Peter Ilyich Tchaikovsky (1840-1893) is one of the most loved of Russian composers. He epitomized the ingenuous opening to the emotions of the romantic era in music, but his product was made durable through sound craftsmanship and rigorous work habits.
Peter Ilyich Tchaikovsky
Eschewing the intellectual, Peter Ilyich Tchaikovsky was in no sense a technical innovator; moreover, he attracted, and still attracts, the barbed clevernesses of those less trustful of emotional statement. But his work is always hotly defended as each generation discovers him afresh—a process considerably quickened by a massive and ever-growing body of literature about his music and his interesting, often tragic life.
Born on May 7, 1840, in Votkinsk in the Vyatka district, Tchaikovsky was the son of a well-to-do engineer. Peter and his brothers and sister received a sound education from their French governesses. He apparently showed no early signs of unusual musical talent but was duly exposed to the music lessons suffered by all young gentlemen. He later recalled growing up in a place "saturated with the miraculous beauty of Russian folk song" and the effect some music had on him as a child—that of exquisite torture so beautiful that he begged the music be stopped. He often referred to this in his letters as a mature artist.
Tchaikovsky attended a school of jurisprudence in St. Petersburg, and, while studying law and government, he also took music lessons, including some composing, from Gabriel Lomakin. Tchaikovsky graduated at the age of 19 and took a job as a bureau clerk. This was to be the first step of an official career, but he was already hopelessly enamored of music. He soon met the Rubinstein brothers, Anton and Nikolai; both were composers, and Anton was a pianist second only to Franz Liszt in technical brilliance and fame. In 1862 Anton opened Russia's first conservatory, under the sponsorship of the Imperial Russian Music Society (IRMS), in St. Petersburg, and Tchaikovsky was its first composition student.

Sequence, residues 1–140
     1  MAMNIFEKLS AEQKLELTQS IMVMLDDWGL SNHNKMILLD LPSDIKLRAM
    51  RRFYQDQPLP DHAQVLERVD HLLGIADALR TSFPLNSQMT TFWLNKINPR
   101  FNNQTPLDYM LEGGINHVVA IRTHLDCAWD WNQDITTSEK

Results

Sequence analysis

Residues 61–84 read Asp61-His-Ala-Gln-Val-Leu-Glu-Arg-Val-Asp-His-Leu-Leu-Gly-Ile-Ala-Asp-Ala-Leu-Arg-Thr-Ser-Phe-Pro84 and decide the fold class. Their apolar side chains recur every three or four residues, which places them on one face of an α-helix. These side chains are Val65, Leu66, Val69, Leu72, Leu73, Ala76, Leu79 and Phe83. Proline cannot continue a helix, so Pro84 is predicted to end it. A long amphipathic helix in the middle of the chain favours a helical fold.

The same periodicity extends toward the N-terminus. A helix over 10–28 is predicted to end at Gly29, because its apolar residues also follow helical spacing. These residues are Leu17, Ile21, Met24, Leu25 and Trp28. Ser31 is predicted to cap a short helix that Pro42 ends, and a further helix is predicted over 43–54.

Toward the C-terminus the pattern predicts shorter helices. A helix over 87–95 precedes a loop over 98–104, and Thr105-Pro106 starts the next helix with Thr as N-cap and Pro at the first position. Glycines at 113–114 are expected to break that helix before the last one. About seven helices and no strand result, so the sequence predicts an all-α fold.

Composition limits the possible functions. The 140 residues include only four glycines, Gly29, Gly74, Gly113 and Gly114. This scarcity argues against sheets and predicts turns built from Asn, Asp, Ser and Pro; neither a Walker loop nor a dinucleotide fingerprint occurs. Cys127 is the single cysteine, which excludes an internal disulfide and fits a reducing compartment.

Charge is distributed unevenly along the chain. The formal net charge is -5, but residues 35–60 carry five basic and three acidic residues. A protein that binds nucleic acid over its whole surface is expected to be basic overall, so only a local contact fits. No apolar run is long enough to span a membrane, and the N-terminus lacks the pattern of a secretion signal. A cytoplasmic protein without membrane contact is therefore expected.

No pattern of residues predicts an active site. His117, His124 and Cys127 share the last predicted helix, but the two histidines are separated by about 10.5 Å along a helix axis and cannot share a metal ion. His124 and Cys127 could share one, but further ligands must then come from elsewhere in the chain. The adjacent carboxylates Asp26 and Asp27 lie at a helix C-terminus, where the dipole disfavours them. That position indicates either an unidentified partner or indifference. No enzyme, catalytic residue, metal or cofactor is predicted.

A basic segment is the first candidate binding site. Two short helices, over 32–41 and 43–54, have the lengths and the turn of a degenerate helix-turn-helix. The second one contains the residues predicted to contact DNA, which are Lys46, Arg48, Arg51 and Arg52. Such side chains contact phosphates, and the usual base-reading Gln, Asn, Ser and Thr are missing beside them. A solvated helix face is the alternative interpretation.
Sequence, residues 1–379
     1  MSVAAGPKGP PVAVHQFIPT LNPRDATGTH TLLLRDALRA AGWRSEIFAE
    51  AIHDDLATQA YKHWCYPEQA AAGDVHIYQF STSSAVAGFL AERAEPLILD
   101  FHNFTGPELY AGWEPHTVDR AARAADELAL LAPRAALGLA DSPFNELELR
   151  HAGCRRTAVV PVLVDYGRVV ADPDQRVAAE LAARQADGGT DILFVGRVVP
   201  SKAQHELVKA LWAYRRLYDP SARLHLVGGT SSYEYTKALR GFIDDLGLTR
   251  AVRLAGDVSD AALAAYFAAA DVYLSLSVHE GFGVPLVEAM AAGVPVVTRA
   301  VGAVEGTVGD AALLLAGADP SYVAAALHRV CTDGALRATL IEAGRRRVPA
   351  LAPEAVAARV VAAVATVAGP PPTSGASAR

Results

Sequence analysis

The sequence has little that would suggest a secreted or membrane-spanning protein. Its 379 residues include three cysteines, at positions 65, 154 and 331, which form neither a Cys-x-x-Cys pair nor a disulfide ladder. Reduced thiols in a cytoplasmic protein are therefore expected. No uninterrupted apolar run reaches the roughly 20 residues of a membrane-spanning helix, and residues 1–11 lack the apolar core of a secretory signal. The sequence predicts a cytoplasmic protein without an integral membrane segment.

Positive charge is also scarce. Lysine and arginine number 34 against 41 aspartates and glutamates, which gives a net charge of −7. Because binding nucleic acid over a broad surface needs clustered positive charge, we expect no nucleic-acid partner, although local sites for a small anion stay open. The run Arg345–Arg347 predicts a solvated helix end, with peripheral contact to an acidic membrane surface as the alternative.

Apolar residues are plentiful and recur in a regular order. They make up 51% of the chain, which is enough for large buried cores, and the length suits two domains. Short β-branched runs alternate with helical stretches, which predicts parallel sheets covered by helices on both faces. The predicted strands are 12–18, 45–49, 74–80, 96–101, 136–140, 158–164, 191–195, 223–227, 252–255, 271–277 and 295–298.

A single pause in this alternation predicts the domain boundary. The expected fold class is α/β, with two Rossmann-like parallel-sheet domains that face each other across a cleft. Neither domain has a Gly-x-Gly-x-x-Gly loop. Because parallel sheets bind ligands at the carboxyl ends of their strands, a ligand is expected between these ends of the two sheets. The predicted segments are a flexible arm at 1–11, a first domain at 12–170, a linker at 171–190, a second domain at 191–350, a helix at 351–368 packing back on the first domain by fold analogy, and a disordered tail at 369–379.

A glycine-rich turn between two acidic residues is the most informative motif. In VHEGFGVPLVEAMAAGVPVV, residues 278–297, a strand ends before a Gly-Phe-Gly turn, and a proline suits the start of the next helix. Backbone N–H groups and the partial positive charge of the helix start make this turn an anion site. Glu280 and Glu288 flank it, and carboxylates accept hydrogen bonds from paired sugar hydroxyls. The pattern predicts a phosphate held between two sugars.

Tchaikovsky's early works were technically sound but not memorable. Anton Rubinstein was demanding and critical, often unjustly so, and when Tchaikovsky graduated 2 years later he was still somewhat cowed by Anton's harshness. In 1866 Nikolai Rubinstein invited Tchaikovsky to Moscow to live with him and serve as professor of composition at the Moscow Conservatory, which he had just established. Tchaikovsky's father was now in financial trouble, and the composer had to support himself on the meager earnings from the conservatory. The symphonic poems Fatum and Romeo and Juliet that he wrote in 1869 were the first works to show the style he was thereafter to cultivate. Romeo and Juliet was redone with Mily Balakirev's help in 1870 and again in 1879.